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Purpose The study, within the Increasing Resilience of Cultural Heritage (ResCult) project, aims to support civil protection to prevent, lessen and mitigate disasters impacts on cultural heritage using a unique standardised-3D geographical information system (GIS), including both heritage and risk and hazard information. Design/methodology/approach A top-down approach, starting from existing standards (an INSPIRE extension integrated with other parts from the standardised and shared structure), was completed with a bottom-up integration according to current requirements for disaster prevention procedures and risk analyses. The results were validated and tested in case studies (differentiated concerning the hazard and type of protected heritage) and refined during user forums. Findings Besides the ensuing reusable database structure, the filling with case studies data underlined the tough challenges and allowed proposing a sample of workflows and possible guidelines. The interfaces are provided to use the obtained knowledge base. Originality/value The increasing number of natural disasters could severely damage the cultural heritage, causing permanent damage to movable and immovable assets and tangible and intangible heritage. The study provides an original tool properly relating the (spatial) information regarding cultural heritage and the risk factors in a unique archive as a standard-based European tool to cope with these frequent losses, preventing risk.
... On the other hand regression analysis that gives good results even for smaller datasets is one of the most widely used statistical processes for estimating the relationships among variables influencing fire. GIS, along with exploratory data analysis, simulation, and interpolation, provides more insights into the causes of fire events (Grasso et al. 2018). (Zhang et al. 2018) presented a global linear regression model to unveil information about spatial variations in urban fire occurrences using road density as a factor. ...
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The article aims to analyze the various causes and relationships of fire with the urban pattern. Various spatial analytics and geostatistical techniques are applied to reveal spatiotemporal variations in the datasets. The novel machine learning framework models important variables identified by random forest technique as predictors to develop GWR models. The framework is applied to establish the relationship between fire vulnerability and urban patterns for two periods (day and night) for the southern region of Mumbai city. We found that the urban pattern has a strong relationship with fire vulnerability, especially during the day time. High R-square values of 0.9086 and 0.7448 are achieved for the day and night periods, respectively. Further, significant differences in the influence of the predictors is observed during the periods. As cities are becoming more prone to fire, this study has the potential to help decision-makers with proactive measures over time and space.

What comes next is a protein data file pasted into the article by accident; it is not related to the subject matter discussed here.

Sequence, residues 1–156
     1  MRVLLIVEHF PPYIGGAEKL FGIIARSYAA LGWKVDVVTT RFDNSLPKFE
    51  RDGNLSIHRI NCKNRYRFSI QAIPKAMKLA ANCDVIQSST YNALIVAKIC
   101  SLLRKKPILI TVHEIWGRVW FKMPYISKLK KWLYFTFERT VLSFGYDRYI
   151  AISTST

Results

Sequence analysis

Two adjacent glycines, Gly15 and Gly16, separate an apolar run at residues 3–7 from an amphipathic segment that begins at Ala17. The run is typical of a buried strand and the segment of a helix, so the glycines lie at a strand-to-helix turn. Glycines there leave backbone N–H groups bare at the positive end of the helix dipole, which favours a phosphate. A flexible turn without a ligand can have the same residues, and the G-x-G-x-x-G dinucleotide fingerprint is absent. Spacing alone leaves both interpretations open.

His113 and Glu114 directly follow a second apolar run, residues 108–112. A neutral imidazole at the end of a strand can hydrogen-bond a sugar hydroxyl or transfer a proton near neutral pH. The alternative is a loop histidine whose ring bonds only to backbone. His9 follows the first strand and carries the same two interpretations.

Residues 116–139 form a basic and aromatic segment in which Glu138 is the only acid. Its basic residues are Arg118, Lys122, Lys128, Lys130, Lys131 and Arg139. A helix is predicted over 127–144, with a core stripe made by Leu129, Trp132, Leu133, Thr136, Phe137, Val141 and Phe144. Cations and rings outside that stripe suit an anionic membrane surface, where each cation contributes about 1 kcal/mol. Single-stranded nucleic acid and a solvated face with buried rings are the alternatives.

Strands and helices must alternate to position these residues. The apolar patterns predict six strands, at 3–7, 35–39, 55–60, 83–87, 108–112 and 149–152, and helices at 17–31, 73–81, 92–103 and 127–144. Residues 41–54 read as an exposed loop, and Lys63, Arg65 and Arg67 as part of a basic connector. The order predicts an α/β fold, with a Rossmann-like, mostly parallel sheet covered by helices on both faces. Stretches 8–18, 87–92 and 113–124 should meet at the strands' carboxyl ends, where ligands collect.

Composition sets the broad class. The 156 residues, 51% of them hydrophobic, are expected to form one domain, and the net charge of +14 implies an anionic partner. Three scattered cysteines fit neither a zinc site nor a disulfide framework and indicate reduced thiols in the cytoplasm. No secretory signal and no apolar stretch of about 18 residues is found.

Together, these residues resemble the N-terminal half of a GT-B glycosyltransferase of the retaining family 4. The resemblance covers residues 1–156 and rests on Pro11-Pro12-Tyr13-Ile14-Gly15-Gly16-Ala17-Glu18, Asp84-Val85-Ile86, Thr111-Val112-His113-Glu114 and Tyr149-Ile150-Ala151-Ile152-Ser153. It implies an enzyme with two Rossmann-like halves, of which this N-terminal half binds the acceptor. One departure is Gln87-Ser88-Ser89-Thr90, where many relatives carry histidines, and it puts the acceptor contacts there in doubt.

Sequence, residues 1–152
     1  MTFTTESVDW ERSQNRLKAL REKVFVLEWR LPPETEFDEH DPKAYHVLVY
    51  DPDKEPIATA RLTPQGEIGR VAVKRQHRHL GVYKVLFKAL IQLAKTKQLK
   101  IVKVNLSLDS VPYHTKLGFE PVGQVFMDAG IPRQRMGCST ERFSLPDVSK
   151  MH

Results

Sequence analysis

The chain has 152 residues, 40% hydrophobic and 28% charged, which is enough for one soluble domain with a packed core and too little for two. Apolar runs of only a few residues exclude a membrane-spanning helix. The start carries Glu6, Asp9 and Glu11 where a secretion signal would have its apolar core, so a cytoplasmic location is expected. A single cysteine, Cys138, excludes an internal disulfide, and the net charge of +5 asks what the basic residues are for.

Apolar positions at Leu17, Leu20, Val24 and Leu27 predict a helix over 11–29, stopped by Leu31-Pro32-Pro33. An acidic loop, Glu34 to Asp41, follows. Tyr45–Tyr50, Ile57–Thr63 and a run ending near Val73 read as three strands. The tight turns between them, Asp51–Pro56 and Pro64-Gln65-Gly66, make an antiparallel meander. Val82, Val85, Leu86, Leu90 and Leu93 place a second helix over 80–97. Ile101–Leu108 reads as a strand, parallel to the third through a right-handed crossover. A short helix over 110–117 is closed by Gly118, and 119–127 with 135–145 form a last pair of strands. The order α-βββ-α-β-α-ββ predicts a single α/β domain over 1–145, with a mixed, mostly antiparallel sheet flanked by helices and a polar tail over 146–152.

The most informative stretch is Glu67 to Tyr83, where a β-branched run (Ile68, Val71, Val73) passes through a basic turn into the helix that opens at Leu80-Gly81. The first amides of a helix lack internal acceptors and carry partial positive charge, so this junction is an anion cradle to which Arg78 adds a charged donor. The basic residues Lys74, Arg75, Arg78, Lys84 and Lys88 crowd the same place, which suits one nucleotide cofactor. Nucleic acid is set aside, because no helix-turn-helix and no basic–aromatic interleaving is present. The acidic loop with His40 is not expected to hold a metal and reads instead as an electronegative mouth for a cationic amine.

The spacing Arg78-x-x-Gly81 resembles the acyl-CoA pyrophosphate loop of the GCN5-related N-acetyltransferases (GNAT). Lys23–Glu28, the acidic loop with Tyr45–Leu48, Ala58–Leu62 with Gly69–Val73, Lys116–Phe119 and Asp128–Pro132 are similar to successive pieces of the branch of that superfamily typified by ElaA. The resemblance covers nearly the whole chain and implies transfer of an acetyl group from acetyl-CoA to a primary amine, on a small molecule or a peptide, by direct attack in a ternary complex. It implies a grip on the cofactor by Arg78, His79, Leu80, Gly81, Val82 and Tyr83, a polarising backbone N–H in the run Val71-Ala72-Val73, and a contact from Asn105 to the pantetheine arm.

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Wildland fires have been a rising problem on the worldwide level, generating ecological and economic losses. Specifically, between wildland fire types, uncontrolled fires are critical due to the potential damage to the ecosystem and their effects on the soil, and, in the last decade, different technologies have been applied to fight them. Selecting a specific technology and Decision Support Systems (DSS) is fundamental, since the results and validity of this could drastically oscillate according to the different environmental and geographic factors of the terrain to be studied. Given the above, a systematic mapping was realized, with the purpose of recognizing the most-used DSS and context where they have been applied. One hundred and eighty-three studies were found that used different types of DSS to solve problems of detection, prediction, prevention, monitoring, simulation, administration, and access to routes. The concepts key to the type of solution are related to the use or development of systems or Information and Communication Technologies (ICT) in the computer science area. Although the use of BA and Big Data has increased in recent years, there are still many challenges to face, such as staff training, the friendly environment of DSS, and real-time decision-making.
This paper describes an exploration process aligned with the core domain of Service Science inside a critical sector of Society, aiming at developing City in a sustainable, responsible, inclusive way. The paper focuses on defining the Public Safety as a Service concept in an inclusive and responsible value co-creation urban design vision for liveable cities. It explains how service intelligence can act on immaterial artefacts to transform data into information to generate value co-creation processes whose outcomes are applied to the evolution of knowledge in public safety services. Public safety is approached within a service ecosystem perspective, following the global targets of the Sendai Framework for Disaster Risk Reduction as an application perspective. Managerial implication are approached from two perspectives: establishment of governance principles with the help of Elinor Ostrom’s works, and a Viable Systems Approach on the response to disasters operating rules.